[arin-ppml] Why should we do Proposal 121

Jack Bates jbates at brightok.net
Mon Dec 13 16:33:06 EST 2010

On 12/13/2010 2:42 PM, William Herrin wrote:
> I hate to tell you, but I frankly don't think it would be appropriate
> for you to try to reserve space for sparse /32 allocations at the LIR
> level any more than it would have been appropriate for such a dramatic
> reservation scheme with IPv4 back at CrossLink. I've been through the
> bit math in this forum before. There are barely enough bits for three
> layers of sparse allocation: RIR, ISP and customer. There really
> aren't enough for another layer of sparse.

Except we are referring to the same thing. I'm not asking for sparse 
allocations as an ISP providing for another ISP. I'm asking for the 
appropriate space and right to give the ISP a /32. Keep in mind, some of 
these are multihomed. I'm just a consultant in many ways.

Even if the pricing model changed, there's nothing wrong with me 
receiving a /24 to handle a large number of ISPs; though honestly I'm 
happy with a /27 which meets my requirements.

The community benefit, is that by current network topology, I'll be 
advertising a /27, /30, and 2x /32 networks (my aggregate plus a medium 
and 2 small ISP customers deaggregated due to multihoming).

Compare this to the fact that each can go to ARIN and request a separate 
/32 for each ISP and even their subtending ISP customers. This could be 
done by the same technical person (me), but then we end up with over 12 
/32 routes added to the table.

> Perhaps policy should be adjusted so that a registrant (you) can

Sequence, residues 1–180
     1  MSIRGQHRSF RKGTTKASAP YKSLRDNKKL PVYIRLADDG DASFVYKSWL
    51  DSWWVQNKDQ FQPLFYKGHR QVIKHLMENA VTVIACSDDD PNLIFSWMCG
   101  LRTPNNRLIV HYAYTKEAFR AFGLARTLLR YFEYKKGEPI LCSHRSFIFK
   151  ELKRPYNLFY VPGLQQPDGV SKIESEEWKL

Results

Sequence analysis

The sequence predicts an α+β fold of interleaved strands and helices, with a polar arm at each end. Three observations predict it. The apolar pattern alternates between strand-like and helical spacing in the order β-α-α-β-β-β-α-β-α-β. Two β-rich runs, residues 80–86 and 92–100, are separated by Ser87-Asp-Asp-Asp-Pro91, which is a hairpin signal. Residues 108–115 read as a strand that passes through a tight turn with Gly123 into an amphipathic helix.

> request discontiguous addresses when justified under the MDN policy.
> That way if you know your discrete networks will grow independently
> rather than growing together you can get appropriate allocations that
> can grow by enlarging the netmask while the unallocated space for
> sparse-allocation continues to be held by ARIN instead of by you and
> you continue to pay for space in aggregate instead of separately.
> How far would that go towards solving your problem?

It doesn't really solve my problem, as currently ARIN is not supporting 
/32 assignments to my subtended ISP customers. This means they aren't 
allowed any growth room under the space which is being allocated to me 
(currently debating a /30 total). In most of these cases, a /32 supports 
plenty of room for growth and so discontiguous space is not a current 
fear (unless I accept the /30 and assign the bare minimums to each 
subtending ISP, which guarantees discontiguous space and given that my 
smallest networks which are most likely to need additional space are 
multihomed, it means that will show in the BGP routing tables). You 
stipulate using different sparse allocations, but that still jumps me 
from 4 prefixes up to over 12; which is worse than my current IPv4 
routes. Even if I treat them by ASN, I just had 2 of my smallest ISP 
customers jump from singlehomed to multihomed and advertised multiple 
/23 IPv4 routes(2 today, and an additional 3 /23 in a few weeks when the 
other transitions). :(

I have 4 ASNs, and with a /27, I could easily handle 4 prefixes 
advertised. This is much less than if I go to ARIN direct for each ISP. 
I know someone is doing math and curious about the /27 vs the /28, and 
this is due to there being subtending ISPs off my subtending ISPs which 
are multihomed (we only care about contiguous within the ASN itself). 
Owen has done the math and informs me that it's not a problem to have 
ISPs grown this way, 1) looking at the rarity of the tree, 2) the price 
associated if it grows too large and 3) there is a crap load of IPv6 space.

Here's where it gets funny. Under current policy, if initial allocation 
supported HD-Ratio adjusted allocation (like the new policy), I'd still 
qualify for a /27 (current policy doesn't support this, but only the 
bare minimum to renumber). By the new policy, I qualify for a /24. In 
all cases, I can still assign the /32 or shorter prefixes for each of 
the subtending ISPs. Yet by current policy, I was offered a /30. No room 
to grow, and guaranteed to advertise multiple routes (/32 ISP minimum 
allows for ISP growth in smaller ISPs and was probably why it was 
recommended originally).

Jack (wordy as always, but think I covered it all)

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